Is a 51 year old woman who is a registered sex offender and who was sentenced to six years in prison after being convicted of seven counts of unlawful sexual intercourse with a minor under 16 and three counts of oral copulation of a minor under 18 entitled to spousal support? Yes, said California’s Court of Appeal in a Family Law decision issued today.
The unanimous decision by the panel of three justices reversed a Santa Barbara judge who said that the woman had waited too long to ask for spousal support, also known as alimony.
In this case, known as Marriage of Schu, the parties entered into a written agreement that was filed with the court while the wife was still in prison. The judgment said “[t]he Court in the parties’ dissolution action will reserve jurisdiction to award long-term spousal [support] until Wife’s release from incarceration, either parties’ death, the remarriage of Wife, the cohabitation of Wife, or modification of termination by further order of the Court, whichever occurs first”.
The wife, who was doing her time at the State Prison at Chowchilla, filed a request for long-term spousal support on March 8, 2013, five weeks before her release from prison and four weeks after the judgment had been entered by the court. The hearing was set for April 17, three days after the wife’s release. Due to delays, the hearing was not heard until July 26, three months after the wife’s release from prison.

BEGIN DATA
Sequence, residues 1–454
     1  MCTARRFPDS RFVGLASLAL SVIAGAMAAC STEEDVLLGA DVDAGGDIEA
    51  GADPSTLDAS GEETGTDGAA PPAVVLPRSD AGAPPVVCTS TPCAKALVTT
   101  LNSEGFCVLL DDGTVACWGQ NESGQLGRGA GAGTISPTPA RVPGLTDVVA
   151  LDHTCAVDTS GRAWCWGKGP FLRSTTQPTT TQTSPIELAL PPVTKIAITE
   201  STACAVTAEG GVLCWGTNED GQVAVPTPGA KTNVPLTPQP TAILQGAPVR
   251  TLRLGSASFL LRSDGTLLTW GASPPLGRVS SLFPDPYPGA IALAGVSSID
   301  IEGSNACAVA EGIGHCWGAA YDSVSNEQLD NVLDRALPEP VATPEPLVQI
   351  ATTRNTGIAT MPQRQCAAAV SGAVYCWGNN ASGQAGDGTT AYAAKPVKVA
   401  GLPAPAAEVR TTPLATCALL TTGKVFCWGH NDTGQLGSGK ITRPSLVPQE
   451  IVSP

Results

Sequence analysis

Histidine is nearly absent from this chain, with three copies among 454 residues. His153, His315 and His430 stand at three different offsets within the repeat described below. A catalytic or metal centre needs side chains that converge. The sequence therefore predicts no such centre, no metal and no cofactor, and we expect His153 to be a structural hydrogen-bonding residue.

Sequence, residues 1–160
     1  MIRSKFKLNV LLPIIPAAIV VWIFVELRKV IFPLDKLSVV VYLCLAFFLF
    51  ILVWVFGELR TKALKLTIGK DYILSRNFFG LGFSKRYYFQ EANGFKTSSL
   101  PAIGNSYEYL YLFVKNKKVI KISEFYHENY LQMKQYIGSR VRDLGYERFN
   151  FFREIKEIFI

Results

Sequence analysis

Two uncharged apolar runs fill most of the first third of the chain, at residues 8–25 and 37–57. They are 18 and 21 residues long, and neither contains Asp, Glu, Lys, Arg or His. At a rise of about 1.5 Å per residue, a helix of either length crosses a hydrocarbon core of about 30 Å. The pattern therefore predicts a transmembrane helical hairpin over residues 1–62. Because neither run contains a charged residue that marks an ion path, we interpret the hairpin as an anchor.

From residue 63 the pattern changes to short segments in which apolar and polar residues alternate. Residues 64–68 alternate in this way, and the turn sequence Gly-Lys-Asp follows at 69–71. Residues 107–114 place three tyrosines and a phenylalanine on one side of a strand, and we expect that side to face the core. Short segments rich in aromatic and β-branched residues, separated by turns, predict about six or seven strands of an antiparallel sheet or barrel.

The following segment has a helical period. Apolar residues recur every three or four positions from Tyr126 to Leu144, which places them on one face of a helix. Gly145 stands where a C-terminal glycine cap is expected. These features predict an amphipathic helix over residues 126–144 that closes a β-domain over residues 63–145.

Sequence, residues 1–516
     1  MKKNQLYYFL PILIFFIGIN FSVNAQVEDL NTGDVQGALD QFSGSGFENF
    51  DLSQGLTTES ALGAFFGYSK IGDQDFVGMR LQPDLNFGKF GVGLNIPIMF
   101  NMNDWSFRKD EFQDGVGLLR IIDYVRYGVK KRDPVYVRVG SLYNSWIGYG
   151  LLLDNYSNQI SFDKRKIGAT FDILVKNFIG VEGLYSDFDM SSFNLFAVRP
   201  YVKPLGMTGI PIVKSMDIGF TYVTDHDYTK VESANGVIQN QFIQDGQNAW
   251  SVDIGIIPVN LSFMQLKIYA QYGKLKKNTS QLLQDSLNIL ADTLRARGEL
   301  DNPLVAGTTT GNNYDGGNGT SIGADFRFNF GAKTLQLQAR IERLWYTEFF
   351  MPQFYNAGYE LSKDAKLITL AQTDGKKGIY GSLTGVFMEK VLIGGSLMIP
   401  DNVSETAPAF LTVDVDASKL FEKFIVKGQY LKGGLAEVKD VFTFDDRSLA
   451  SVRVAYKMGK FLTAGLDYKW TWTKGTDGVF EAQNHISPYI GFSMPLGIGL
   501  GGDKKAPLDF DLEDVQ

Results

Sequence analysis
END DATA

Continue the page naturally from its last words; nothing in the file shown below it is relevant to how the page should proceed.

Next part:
At the hearing, the judge said, “I really do think I don’t have jurisdiction to address the spousal support issue anymore because of the judgment providing the specific conditions under which that jurisdiction would end and I think it’s ended”.
Normally, in a close case involving interpretation of language, you would think the person with the bad facts — i.e., the bad person, the child molester — would lose. Why should the husband have to support her? But as the appeals court stated, “[t]he reasonable interpretation of this language, borne out by the circumstances and the parties’ conduct, is that the hearing was to be held within a reasonable time after release”. The justices added, “[I]f jurisdiction terminated the moment Genise was released from prison, it is doubtful the trial court could have conducted the hearing. The time between notice of entry of judgment and Genise’s release was a mere nine weeks. Genise would have had to know the time of her release in advance and provide for her transportation to the court”.
The wife was also helped by the fact that she had a long-term marriage in that she had been married for about 23 years. (In California, a marriage over ten years is presumptively a long-term marriage.) This is because Family Code section 4336 provides that a California divorce court retains spousal support jurisdiction indefinitely after a lengthy marriage, unless an agreement or order specifically provides otherwise, and in this case the stipulated judgment did not specifically provide otherwise.
This case was certified for publication, which means even though it was issued by a Court of Appeal in a different part of California, the precedent created is binding on trial courts throughout the Golden State.
So now the trial judge will have to have a new hearing and decide how much, if any, spousal support to award the wife, and the argument that she waited too long will not work. If support is denied, the judge will have to come up with another reason. Stay tuned.